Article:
• Forecasting 13 • Geisser, Seymour (1 June 1993) (in English). Predictive Inference: An Introduction. Chapman & Hall, CRC Press. ISBN 0-390-87106-0. • Gilchrist, Warren (1976) (in English). Statistical Forecasting. London: John Wiley & Sons. ISBN 0-471-99403-0. • Hyndman, R.J., Koehler, A.B (2005) "Another look at measures of forecast accuracy" (http://www. robjhyndman.com/papers/mase.pdf), Monash University note. • Makridakis, Spyros; Wheelwright, Steven; Hyndman, Rob J. (1998) (in English). Forecasting: methods and applications (http://www.robjhyndman.com/forecasting/). New York: John Wiley & Sons. ISBN 0-471-53233-9. • Kress, George J.; Snyder, John (30 May 1994) (in English). Forecasting and market analysis techniques: a practical approach. Westport, Connecticut, London: Quorum Books. ISBN 0-89930-835-X. • Rescher, Nicholas (1998) (in English). Predicting the future: An introduction to the theory of forecasting. State University of New York Press. ISBN 0-7914-3553-9. • Taesler, R. (1990/91) Climate and Building Energy Management. Energy and Buildings, Vol. 15-16, pp 599 – 608. • Turchin, P. (2007) "Scientific Prediction in Historical Sociology: Ibn Khaldun meets Al Saud". In: History & Mathematics: Historical Dynamics and Development of Complex Societies. (http://edurss.ru/cgi-bin/db. pl?cp=&page=Book&id=53185&lang=en&blang=en&list=Found) Moscow: KomKniga. ISBN 978-5-484-01002-8 • Sasic Kaligasidis, A et al. (2006) Upgraded weather forecast control of building heating systems. p. 951 ff in Research in Building Physics and Building Engineering Paul Fazio (Editorial Staff), ISBN 0-415-41675-2 • United States Patent 6098893 Comfort control system incorporating weather forecast data and a method for operating such a system (Inventor Stefan Berglund) External links • Forecasting Principles: "Evidence-based forecasting" (http://www.forecastingprinciples.com) • International Institute of Forecasters (http://www.forecasters.org) • Introduction to Time series Analysis (Engineering Statistics Handbook) (http://www.itl.nist.gov/div898/ handbook/pmc/section4/pmc4.htm) - A practical guide to Time series analysis and forecasting • Time Series Analysis (http://www.statsoft.com/textbook/sttimser.html) • Global Forecasting with IFs (http://www.ifs.du.edu) • Earthquake Electromagnetic Precursor Research (http://www.quakefinder.com)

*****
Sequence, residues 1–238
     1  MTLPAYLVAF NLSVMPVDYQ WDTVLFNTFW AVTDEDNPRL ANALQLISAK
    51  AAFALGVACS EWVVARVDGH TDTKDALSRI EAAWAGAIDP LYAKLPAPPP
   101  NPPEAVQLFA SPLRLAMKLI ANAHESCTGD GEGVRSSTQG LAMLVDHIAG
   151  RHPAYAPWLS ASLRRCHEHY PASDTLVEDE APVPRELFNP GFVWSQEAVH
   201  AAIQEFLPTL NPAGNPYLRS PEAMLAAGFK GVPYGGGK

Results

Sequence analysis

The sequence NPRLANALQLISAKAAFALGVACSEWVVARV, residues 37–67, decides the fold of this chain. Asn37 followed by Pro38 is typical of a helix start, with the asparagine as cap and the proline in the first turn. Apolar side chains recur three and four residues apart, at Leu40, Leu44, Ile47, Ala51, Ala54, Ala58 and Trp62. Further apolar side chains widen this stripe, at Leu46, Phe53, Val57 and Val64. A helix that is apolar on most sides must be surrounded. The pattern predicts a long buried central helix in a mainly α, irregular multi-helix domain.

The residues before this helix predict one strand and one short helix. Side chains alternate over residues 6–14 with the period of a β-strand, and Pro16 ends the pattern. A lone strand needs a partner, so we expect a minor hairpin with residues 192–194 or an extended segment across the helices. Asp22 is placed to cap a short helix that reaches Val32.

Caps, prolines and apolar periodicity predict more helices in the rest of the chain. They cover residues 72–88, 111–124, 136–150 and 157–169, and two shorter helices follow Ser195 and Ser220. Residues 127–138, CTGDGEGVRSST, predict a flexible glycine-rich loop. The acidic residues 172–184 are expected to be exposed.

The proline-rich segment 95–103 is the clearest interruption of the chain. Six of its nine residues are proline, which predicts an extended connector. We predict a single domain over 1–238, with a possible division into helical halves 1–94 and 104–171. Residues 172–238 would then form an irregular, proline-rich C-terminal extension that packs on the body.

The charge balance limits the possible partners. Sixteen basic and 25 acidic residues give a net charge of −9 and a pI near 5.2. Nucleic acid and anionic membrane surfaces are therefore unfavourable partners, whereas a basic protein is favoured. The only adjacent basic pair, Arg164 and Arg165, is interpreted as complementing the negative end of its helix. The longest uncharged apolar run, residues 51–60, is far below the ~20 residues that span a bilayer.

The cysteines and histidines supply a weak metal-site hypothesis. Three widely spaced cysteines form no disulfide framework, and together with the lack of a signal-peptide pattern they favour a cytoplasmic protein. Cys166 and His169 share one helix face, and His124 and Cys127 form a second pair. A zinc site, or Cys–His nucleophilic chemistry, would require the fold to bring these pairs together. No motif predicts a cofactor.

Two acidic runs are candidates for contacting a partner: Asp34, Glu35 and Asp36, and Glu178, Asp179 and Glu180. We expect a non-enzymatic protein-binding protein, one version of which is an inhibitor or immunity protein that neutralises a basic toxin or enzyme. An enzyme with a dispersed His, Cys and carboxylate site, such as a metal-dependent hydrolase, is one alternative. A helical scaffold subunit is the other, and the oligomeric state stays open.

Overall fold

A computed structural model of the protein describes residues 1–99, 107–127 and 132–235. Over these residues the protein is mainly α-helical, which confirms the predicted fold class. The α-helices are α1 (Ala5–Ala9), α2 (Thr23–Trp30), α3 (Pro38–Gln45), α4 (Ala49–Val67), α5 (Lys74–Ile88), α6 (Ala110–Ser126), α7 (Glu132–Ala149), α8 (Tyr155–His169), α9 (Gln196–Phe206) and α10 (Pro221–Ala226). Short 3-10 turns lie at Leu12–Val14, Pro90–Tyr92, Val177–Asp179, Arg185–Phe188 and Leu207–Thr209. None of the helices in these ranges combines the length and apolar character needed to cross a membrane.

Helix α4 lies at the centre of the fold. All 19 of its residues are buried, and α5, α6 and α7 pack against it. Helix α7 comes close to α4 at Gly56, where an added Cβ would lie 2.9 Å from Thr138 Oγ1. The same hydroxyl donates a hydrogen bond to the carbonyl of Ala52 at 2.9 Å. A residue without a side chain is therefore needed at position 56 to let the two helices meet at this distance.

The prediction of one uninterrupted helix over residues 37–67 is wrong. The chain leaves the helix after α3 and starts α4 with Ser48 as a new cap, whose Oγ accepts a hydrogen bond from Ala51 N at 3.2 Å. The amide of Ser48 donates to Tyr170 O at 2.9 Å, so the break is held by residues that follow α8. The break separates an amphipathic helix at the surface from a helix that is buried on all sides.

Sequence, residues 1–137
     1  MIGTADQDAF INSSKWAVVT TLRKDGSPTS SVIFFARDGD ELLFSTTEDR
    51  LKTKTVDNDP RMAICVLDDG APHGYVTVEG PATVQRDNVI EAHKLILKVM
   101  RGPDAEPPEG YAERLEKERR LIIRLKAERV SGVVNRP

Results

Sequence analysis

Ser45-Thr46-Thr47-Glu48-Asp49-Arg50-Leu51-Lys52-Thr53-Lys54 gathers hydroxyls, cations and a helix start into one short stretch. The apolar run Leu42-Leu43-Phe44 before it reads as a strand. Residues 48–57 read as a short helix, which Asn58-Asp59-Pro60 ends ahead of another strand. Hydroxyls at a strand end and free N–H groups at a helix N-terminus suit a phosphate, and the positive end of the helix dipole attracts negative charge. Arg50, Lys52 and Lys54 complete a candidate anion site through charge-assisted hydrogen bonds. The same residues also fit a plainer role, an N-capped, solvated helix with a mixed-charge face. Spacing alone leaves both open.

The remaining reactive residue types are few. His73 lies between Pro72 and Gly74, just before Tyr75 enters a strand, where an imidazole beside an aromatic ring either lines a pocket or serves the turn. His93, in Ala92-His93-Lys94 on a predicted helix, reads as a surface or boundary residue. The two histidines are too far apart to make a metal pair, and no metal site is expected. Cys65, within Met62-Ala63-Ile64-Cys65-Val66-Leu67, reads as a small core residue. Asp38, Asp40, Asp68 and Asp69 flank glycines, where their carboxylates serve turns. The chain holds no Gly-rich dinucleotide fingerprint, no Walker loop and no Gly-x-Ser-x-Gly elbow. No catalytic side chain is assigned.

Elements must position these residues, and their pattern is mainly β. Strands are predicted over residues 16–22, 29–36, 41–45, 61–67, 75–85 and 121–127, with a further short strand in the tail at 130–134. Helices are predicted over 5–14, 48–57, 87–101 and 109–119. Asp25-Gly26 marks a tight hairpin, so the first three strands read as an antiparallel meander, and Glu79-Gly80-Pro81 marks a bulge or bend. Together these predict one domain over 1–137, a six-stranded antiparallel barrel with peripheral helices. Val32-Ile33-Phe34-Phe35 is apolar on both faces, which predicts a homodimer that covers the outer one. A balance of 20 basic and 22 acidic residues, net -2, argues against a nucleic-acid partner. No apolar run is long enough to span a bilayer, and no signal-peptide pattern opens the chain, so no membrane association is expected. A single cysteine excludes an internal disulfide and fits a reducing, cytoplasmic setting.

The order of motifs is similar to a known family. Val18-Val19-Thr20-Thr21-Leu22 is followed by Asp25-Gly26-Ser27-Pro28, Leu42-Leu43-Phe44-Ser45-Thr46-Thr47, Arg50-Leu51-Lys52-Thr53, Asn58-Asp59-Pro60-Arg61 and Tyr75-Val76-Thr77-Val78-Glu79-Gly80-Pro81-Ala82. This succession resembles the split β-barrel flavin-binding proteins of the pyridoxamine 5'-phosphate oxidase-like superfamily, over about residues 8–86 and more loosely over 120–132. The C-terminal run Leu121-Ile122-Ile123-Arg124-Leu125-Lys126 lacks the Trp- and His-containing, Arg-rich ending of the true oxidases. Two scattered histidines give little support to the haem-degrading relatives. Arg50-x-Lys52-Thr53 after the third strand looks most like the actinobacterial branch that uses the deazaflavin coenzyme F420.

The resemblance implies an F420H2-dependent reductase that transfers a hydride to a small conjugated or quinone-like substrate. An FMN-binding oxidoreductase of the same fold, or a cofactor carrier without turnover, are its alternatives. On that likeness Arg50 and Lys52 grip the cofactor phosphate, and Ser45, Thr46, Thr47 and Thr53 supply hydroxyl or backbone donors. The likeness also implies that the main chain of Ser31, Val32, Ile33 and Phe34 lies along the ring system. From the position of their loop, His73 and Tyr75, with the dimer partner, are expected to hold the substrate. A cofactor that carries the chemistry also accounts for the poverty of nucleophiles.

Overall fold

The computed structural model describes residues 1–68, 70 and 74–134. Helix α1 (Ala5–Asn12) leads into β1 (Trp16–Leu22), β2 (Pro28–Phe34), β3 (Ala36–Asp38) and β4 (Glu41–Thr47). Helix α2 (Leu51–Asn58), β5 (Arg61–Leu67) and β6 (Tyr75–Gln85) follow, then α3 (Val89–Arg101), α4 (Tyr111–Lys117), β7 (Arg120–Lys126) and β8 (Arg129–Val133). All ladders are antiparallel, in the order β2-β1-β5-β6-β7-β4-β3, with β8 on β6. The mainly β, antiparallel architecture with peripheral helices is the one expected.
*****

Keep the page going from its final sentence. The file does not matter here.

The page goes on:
• Stationary process 14 Stationary process In mathematics, a stationary process (or strict(ly) stationary process or strong(ly) stationary process) is a stochastic process whose joint probability distribution does not change when shifted in time or space. Consequently, parameters such as the mean and variance, if they exist, also do not change over time or position. Stationarity is used as a tool in time series analysis, where the raw data are often transformed to become stationary; for example, economic data are often seasonal and/or dependent on a non-stationary price level. An important type of non-stationary process that does not include a trend-like behavior is the cyclostationary process. Note that a "stationary process" is not the same thing as a "process with a stationary distribution". Indeed there are further possibilities for confusion with the use of "stationary" in the context of stochastic processes; for example a "time-homogeneous" Markov chain is sometimes said to have "stationary transition probabilities". On the other hand, all stationary Markov random processes are time-homogeneous. Definition Formally, let be a stochastic process and let represent the cumulative distribution function of the joint distribution of at times . Then, is said to be stationary if, for all , for all , and for all , Since does not affect , is not a function of time. Examples As an example, white noise is stationary. The sound of a cymbal clashing, if hit only once, is not stationary because the acoustic power of the clash (and hence its variance) diminishes with time. However, it would be possible to invent a stochastic process describing when the cymbal is hit, such that the overall response would form a stationary process. An example of a discrete-time stationary process where the sample space is also discrete (so that the random variable may take one of N possible values) is a Bernoulli scheme. Other examples of a discrete-time stationary process with continuous sample space include some autoregressive and moving average processes which are both subsets of the autoregressive moving average model. Models with a Two simulated time series processes, one non-trivial autoregressive component may be either stationary or stationary the other non-stationary. The Augmented Dickey–Fuller test is reported for non-stationary, depending on the parameter values, and important each process and non-stationarity cannot be non-stationary special cases are where unit roots exist in the model. rejected for the second process. Let Y be any scalar random variable, and define a time-series { Xt }, by . Then { Xt } is a stationary time series, for which realisations consist of a series of constant values, with a different constant value for each realisation. A law of large numbers does not apply on this case, as the limiting value of an average from a single realisation takes the random value determined by Y, rather than taking the expected value of Y. As a further example of a stationary process for which any single realisation has an apparently noise-free structure, let Y have a uniform distribution on (0,2π] and define the time series { Xt } by